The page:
I posted a comical little quote earlier about optimism, Pessimism and Realism. That goes:
The pessimist complains about the wind; the optimist expects it to change; the realist adjusts the sails. ~ William Arthur Ward
In viewing the state of employment, wages, taxes, costs of living, debt and everything else that has to do with our own personal economics, isn’t it time to admit that its time to adjust the sails? Of all the people I know who have lost their jobs recently, the biggest majority of them felt they were mostly secure with their good job. All that changed in a matter of minutes for them. Most have or will find something new, but so far all of them have had to settle for something that paid less, had fewer hours or both. Unemployment is a safety net, but its a poor “Plan B”.
I don’t know the point I’m trying to make other than “things have changed”. We can complain, it won’t do any good. We can ignore it, it won’t go away. We can adjust our lives to it, and that will work. We either adjust our lives to less of a standard of living and less of a sense of security. OR, we adjust our approach to re-position our sails our attitudes and start developing a better Plan B. Or even a better Plan A. Its about either staying on defense and getting pushed around or getting on offense and start pushing back and gaining ground!
About five years ago I learned a shocking and challenging key that has made more of a difference to my financial freedom than anything else so far. I’ve addressed it a time or two but it’s time again. Why now? Since Christmas time alone I have known close to a dozen friends and acquaintances who have either lost their jobs or had hours cut back and are now facing the winter needing to bolster their income. I’m not referring to the seasonal lay-offs prevalent in our area either. I’m referring to previously full-time employment positions. Several lost jobs to businesses closing, many more to the need to cut staff to just stay in business. I don’t find fault with companies doing what they need to do. I’m just a little bewildered that, in general, there seems to be a sense that there is nothing that can be done about it.
The key that changed my mind was when I began to understand who money flowed through our hands and mainly, how we received income. Most of the country exchanges their time for money. Stop working, the cash flow stops. If you become sick, disabled, fired, downsized, layed-off or just get lazy and stop, so does the money. The key is in a unique way of looking at liabilities and assets. My new definition of the two are as follows; (PLEASE, pay attention)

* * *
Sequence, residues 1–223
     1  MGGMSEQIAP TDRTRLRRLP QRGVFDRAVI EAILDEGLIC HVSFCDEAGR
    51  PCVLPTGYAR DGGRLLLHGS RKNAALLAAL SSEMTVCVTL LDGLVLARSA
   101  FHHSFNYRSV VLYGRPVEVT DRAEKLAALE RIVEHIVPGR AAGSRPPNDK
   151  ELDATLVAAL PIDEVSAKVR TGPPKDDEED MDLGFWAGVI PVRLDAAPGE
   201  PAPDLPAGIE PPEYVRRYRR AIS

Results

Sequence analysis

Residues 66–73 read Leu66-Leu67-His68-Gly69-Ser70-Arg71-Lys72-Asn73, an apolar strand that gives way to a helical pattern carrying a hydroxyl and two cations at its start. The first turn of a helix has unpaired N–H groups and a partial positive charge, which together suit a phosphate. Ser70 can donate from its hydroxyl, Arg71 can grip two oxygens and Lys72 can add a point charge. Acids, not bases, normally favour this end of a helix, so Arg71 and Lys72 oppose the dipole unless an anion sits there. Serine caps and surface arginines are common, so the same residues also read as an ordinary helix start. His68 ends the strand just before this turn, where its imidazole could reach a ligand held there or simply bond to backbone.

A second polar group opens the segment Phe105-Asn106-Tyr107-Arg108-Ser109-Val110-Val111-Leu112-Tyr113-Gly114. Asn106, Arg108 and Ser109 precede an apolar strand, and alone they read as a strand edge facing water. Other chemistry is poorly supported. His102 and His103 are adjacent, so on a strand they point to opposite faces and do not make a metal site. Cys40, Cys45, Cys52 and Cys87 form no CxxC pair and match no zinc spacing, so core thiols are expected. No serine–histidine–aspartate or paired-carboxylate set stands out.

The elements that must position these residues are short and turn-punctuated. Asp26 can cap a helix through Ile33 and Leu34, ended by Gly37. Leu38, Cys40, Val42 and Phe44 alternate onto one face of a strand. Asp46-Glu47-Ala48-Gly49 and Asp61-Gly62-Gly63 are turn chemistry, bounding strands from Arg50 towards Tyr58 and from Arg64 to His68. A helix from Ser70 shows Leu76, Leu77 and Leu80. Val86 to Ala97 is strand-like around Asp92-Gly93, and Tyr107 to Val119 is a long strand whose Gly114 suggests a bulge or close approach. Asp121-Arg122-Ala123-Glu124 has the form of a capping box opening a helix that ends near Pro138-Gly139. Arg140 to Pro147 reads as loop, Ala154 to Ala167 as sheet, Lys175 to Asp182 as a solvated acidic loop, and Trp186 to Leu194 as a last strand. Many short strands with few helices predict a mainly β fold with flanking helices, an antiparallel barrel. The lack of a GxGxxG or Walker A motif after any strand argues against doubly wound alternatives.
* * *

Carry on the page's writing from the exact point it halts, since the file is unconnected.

“Liabilities take money out of your pocket whether you work or not, Assets put money in your pocket whether you work or not” Most Americans spend their entire life accumulating liabilities rather than assets. Accumulate just enough assets to offset your working wages and you have just made yourself recession proof, down-size proof and un-employment proof.
As a matter of fact, you’ve just created financial freedom for yourself!
Short post today. It’s January 1, 2013 and the talk of resolutions is thick. I don’t hold much stock in New Years Resolutions, but I do value an attitude that embraces change in the way we approach things. I was working on the Family Wealth website today and realized there is a very small but very huge difference in two terms. Small in the fact that there is very little difference in effort needed, but huge in the mindset necessary to change from one to the other. This is the difference between wage earning and wealth building.
The two require similar amounts of work. Think about it, does someone with great wealth have any more hours in the day? No! In fact most of the wealthy I know actually work less than the average wage earner. So the amount of work is essentially the same.
The big difference is in the mindset. Wealth building requires the mindset that “I’m building a future for myself and my family” rather than “I’m earning a paycheck for my self and my family”.
One mindset will get you to Friday. The other one will get you to future generations.